Estranged father tests unconditional love
BY Ask Amy
Wednesday, November 28, 2012
11/28/12 at 4:22 AM
Dear Amy: When I was an adolescent, my father came out of the closet as gay and my parents divorced. At the same time, my father, who is also bipolar, made some poor financial decisions that forced my family into bankruptcy.
That was 17 years ago. Since then he has lived out of the country with limited communication. I know my father loves me unconditionally, but with only a handful of visits, I have trouble feeling close to him beyond the obligatory love of distant family.
I've become more and more disillusioned about him. He may have the best intentions in the world, but ultimately he spent my childhood focusing on himself.
Now, for health reasons, my father wants to move back to the States to be near me and the rest of his family. This is a positive step for him, but I am terrified of the burden that I imagine it will place on me.
I worry about the need to support him financially and the expectation to give him time that I don't really have. I'm also not comfortable with the fact that he will want to hit fast forward on our relationship to make up for lost time.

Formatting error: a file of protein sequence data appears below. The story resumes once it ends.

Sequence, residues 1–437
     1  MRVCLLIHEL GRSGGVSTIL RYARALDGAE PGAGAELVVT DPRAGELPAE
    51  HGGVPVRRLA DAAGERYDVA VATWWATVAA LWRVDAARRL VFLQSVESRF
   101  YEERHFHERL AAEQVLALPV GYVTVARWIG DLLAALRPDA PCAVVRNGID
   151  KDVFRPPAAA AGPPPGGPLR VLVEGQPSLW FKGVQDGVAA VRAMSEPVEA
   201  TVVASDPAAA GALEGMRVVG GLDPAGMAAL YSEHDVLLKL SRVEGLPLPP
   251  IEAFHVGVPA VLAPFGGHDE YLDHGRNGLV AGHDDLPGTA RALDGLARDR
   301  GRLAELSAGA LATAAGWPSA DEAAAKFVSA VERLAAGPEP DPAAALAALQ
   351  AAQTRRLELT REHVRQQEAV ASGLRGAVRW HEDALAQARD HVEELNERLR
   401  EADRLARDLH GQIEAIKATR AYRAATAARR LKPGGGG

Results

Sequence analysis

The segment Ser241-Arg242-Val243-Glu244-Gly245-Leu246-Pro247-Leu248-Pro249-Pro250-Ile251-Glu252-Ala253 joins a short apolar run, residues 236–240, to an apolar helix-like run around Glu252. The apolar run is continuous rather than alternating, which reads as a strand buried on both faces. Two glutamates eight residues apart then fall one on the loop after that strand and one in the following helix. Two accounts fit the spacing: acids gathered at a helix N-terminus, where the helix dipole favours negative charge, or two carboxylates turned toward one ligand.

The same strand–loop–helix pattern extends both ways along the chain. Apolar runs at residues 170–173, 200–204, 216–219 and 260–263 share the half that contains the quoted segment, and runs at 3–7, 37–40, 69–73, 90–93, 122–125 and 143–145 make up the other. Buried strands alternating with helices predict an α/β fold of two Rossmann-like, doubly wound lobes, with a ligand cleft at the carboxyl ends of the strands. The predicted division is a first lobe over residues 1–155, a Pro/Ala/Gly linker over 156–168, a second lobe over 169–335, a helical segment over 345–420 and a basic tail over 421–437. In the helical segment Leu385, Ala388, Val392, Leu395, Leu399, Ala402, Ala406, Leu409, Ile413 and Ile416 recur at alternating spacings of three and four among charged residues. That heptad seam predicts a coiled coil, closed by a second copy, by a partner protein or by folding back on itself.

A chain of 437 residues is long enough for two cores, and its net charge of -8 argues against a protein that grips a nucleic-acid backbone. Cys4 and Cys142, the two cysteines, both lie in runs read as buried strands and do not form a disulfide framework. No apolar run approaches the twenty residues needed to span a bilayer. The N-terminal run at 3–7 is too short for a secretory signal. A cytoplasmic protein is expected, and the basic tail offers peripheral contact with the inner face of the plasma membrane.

How do I set up boundaries that will allow me to maintain a comfortable distance but still show some measure of respect for the fact that he is my father? - Anxious Daughter
Dear Daughter: Unconditional love is the perfect concept to ponder while you wrestle with this. Unconditional love requires surrendering your harsh judgment of your father to simply accept him - as deeply flawed as he is. This sort of love does not require that you surrender your sense of self, your other relationships or your money.
Your first job is to protect your health and well-being. You should notify your father that you are open to a relationship with him but that he simply may not receive everything he wants from you.
You should be vigilant, honest and aware of the various "hooks" your father may dangle that you must avoid biting.
For help creating and maintaining boundaries, you should see a professional counselor. Your father should also receive mental health counseling.
Dear Amy: You and "Frustrated Husband" sure let his stay-at-home wife off the hook!
Many women manage to raise children and keep a decently clean and well-ordered household. That's the mother's job if she doesn't work outside the home! - Mom at Home
Dear Mom at Home: You're right. And many dual-career parents also manage to keep a well-ordered home. Obviously this couple didn't get that particular memo.
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